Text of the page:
10.1 Meaning, Origin and Significance of Project Method
10.2 Definition of the Project Method
10.3 Main Principles of the Project Method
10.4 Different types of projects
10.5 Various steps in a project
10.6 Essentials of good project
10.7 Merits of Project Method
10.8 Demerits, Limitations and Difficulties
10.9 Project Method and Normal Classroom Teaching: Role of the Teacher
10.10 Project Village Survey
10.11 Source Method
10.12 Meaning of Source Method of Teaching Social Studies
10.13 Uses of Source Method
10.14 Steps to be Followed in Source Method
10.15 Limitations of the Source Method
10.16 How to Make Source Method Effective?

11. Problem Solving-Deductive and Inductive Methods
11.1 Meaning and Significance of Problem Solving
11.2 Steps in Problem-Solving
11.3 Teacher's Role in Problem-Solving
11.4 Deductive and Inductive Methods
11.5 Deductive and Inductive Method Compared
11.6 A Few Illustrations of Problems

12. Socialised Recitation and Supervised Study
12.1 Meaning and Significance of Socialised Recitation
12.2 Why Socialised Recitation?
12.3 Objectives of Socialised Techniques
12.4 Various Forms of Socialised Techniques
12.5 Merits of Socialised Techniques
12.6 How to make socialised recitation effective?
12.7 What Socialised Classroom Technique Should Not Be?
12.8 Demerits of Socialised Recitation
12.9 Supervised Study
12.10 Meaning and Significance of Supervised Study
12.11 Limitations of Supervised Study
12.12 Supervised Study and Socialised Recitation
12.13 Participation of Students
12.14 Comparison Between Formal Teaching and Socialised Classroom Recitation

13. Lecture Method, Text-book Method and Heuristic Method
13.1 Lecture Method
13.2 Significance of Lecture Method
13.3 Merits of the Lecture Method
13.4 Limitations of the Lecture Method
13.5 Making Lecture Method Effective and Inspirational
13.6 Text-book Method
13.7 Heuristic Method
13.8 Meaning of Heuristic Method
13.9 Aim of the Heuristic Method
13.10 Principles or Psychological Basis of Heuristic Method
13.11 Procedure in the Heuristic Method
13.12 Place of the Teacher in the Heuristic Method
13.13 Use of Heuristic Method in Different Subjects
13.14 Merits of the Heuristic Method
13.15 Demerits, Difficulties and Limitations of Heuristic Method

14. Assignments, Home Work and Dictating Notes Methods
14.1 Assignments
14.2 Significance of an Assignment
14.3 Type of Assignment
14.4 Essentials of an Assignment
14.5 Difficulty in the Preparation of a Good Assignment
14.6 Suggested Assignment Procedure
14.7 Home Assignment or Home Work
14.8 Purposes of Home Task
14.9 Types of Home Work
14.10 Disadvantages and Objections
14.11 Principles of Assigning Home Work
14.12 Methods of Correction
14.3 Dictating Notes

15. Dalton Plan and Discussion Method
15.1 Dalton or Laboratory Method
15.2 Origin and Significance of Dalton Plan
15.3 Principles Underlying the Dalton Plan
15.4 How the Plan Works?
15.5 Duties of a Teacher
15.6 Merits of the Plan
15.7 Limitations and Difficulties
15.8 Discussion Method
15.9 Meaning and Significance of Discussion Method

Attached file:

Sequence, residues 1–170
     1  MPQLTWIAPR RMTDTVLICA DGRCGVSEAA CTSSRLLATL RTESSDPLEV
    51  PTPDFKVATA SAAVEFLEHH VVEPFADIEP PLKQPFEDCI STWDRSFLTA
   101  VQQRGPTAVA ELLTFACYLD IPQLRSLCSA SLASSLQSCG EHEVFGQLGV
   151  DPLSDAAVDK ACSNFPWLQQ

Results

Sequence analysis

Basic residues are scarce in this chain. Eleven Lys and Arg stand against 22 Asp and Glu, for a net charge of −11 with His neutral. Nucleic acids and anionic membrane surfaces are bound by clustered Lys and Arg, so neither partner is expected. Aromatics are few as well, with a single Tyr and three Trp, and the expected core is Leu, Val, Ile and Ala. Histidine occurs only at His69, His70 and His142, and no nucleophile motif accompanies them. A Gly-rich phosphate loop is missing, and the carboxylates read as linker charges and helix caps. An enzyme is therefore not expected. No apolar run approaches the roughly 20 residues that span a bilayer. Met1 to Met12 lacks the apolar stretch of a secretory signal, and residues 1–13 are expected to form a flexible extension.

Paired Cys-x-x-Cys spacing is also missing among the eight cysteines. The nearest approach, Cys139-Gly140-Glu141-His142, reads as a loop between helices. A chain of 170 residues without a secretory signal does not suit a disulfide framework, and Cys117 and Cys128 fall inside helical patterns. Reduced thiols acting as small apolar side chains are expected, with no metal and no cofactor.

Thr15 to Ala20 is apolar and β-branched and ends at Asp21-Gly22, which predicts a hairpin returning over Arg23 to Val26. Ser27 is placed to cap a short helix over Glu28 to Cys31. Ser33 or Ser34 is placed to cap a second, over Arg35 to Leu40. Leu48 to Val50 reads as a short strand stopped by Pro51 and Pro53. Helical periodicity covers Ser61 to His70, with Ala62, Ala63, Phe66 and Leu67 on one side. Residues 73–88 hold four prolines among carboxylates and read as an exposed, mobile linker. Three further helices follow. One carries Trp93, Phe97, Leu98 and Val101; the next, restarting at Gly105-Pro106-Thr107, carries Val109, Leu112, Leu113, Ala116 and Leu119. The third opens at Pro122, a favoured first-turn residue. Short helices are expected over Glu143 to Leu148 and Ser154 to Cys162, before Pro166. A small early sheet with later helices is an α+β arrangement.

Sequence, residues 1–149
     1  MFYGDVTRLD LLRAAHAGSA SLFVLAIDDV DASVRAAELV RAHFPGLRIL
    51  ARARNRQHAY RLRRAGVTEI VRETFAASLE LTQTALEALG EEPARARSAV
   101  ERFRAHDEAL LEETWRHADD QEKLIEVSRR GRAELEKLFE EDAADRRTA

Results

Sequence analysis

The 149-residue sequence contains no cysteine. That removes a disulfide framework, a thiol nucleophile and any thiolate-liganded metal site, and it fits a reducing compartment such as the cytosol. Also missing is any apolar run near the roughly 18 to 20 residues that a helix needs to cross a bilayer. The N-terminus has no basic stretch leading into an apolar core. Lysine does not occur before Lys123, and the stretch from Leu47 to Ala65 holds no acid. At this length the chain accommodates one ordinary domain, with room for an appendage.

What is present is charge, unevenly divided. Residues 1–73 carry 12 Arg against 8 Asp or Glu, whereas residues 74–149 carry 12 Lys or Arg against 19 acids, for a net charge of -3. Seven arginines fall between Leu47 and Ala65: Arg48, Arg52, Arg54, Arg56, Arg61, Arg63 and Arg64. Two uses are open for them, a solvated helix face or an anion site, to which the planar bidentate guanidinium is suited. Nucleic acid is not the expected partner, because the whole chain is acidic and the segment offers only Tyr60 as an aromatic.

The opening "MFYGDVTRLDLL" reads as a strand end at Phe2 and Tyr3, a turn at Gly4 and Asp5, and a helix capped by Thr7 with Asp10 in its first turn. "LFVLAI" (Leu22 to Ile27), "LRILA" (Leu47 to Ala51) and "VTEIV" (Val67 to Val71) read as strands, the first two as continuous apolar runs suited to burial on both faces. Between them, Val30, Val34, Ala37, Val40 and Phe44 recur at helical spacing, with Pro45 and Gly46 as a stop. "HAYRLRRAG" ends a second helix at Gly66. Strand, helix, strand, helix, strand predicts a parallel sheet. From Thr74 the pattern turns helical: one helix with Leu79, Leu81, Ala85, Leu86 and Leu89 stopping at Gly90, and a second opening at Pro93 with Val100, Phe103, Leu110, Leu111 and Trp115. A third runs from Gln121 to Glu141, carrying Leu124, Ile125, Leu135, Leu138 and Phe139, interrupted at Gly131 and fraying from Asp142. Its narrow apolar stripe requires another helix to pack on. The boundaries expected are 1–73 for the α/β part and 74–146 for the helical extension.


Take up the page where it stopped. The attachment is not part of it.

15.10 Essential Elements or Constituents of Discussion
15.11 Merits of Discussion
15.12 Limitations of Discussion
15.13 Organisation of Discussion
15.14 Panel Discussion

16. Play-Way in Education
16.1 Origin, Definition, Meaning and Principles of Play-Way
16.2 Application of Play-Way Attitudes
16.3 Play-Way Spirit and Teaching of Various Subjects and Experiences
16.4 Play-Way and Soft Pedagogy

17. General Principles, Maxims and Techniques of Teaching
17.1 General Principles of Teaching
17.2 Maxims of Teaching
17.3 Techniques of Teaching
17.4 Description
17.5 Dramatisation
17.6 Explanation
17.7 Narration
17.8 Excursion and Field Work
17.9 Story Telling

18. Questioning and Answering
18.1 Significance of Questioning
18.2 Purposes of Questions
18.3 Classification of Questions
18.4 Levels of Classroom Questions
18.5 Skills In Questioning
18.6 Characteristics of Good Questioning
18.7 The Teacher's Attitude to Pupils' Questions
18.8 Skill in Answering
18.9 Skill of Probing Questions

19. Audio-Visual Aids in the Teaching of Civics
19.1 Meaning of Audio-Visual Aids
19.2 Brief History of the Use of Audio-visual Aids
19.3 Psychology or Using Teaching Aids/Audio-Visual Aids
19.4 Significance and Uses of Audio-Visual Aids
19.5 Characteristics of Good Teaching Technological Aids
19.6 Principles in the Use of Teaching Technological Aids
19.7 Problems in the Use of Teaching Technological Aids
19.8 Future of the use of Teaching Technological Aids
19.9 Classification of Teaching Aids

20. Description and Preparation of Audio-Visual Aids
20.1 Significance of Radio as an Educational Aids
20.2 Tape Recorder
20.3 Visual Aids: Overhead Projector, Slide Projector, Maps, Charts, Models, Flash Cards, Display Board Diagrams
20.4 Three Dimensional Aids
20.5 Flash Cards
20.6 Display Boards
20.7 Diagrams
20.8 Audio-Visual Aids: Television
20.9 Educational Films
20.10 Edgar Dale's Cone of Experience
20.11 Blackboard
20.12 Pictures
Scrap Books

21. Lesson Planning in Civics
21.1 Importance of Lesson Planning in Civics
21.2 Meaning and Definition of Lesson Planning
21.3 Functions of Lesson Planning
21.4 Lesson Planning-Old and New
21.5 Merits/Advantages of Lesson Planning
21.6 General Principles and Steps in Planning a Good Lesson Plan
21.7 Essentials of a Good Lesson Plan
21.8 Approaches to Lesson Planning
21.9 Herbartian Approach
21.10 Gloverian Approach
21.1 Morrison's Approach or Unit Approach
21.12 Limitations of Bloom's Evaluation Approach
21.13 RCEM Approach
21.14 Summary

22. Civics Text-book and Supplementary Material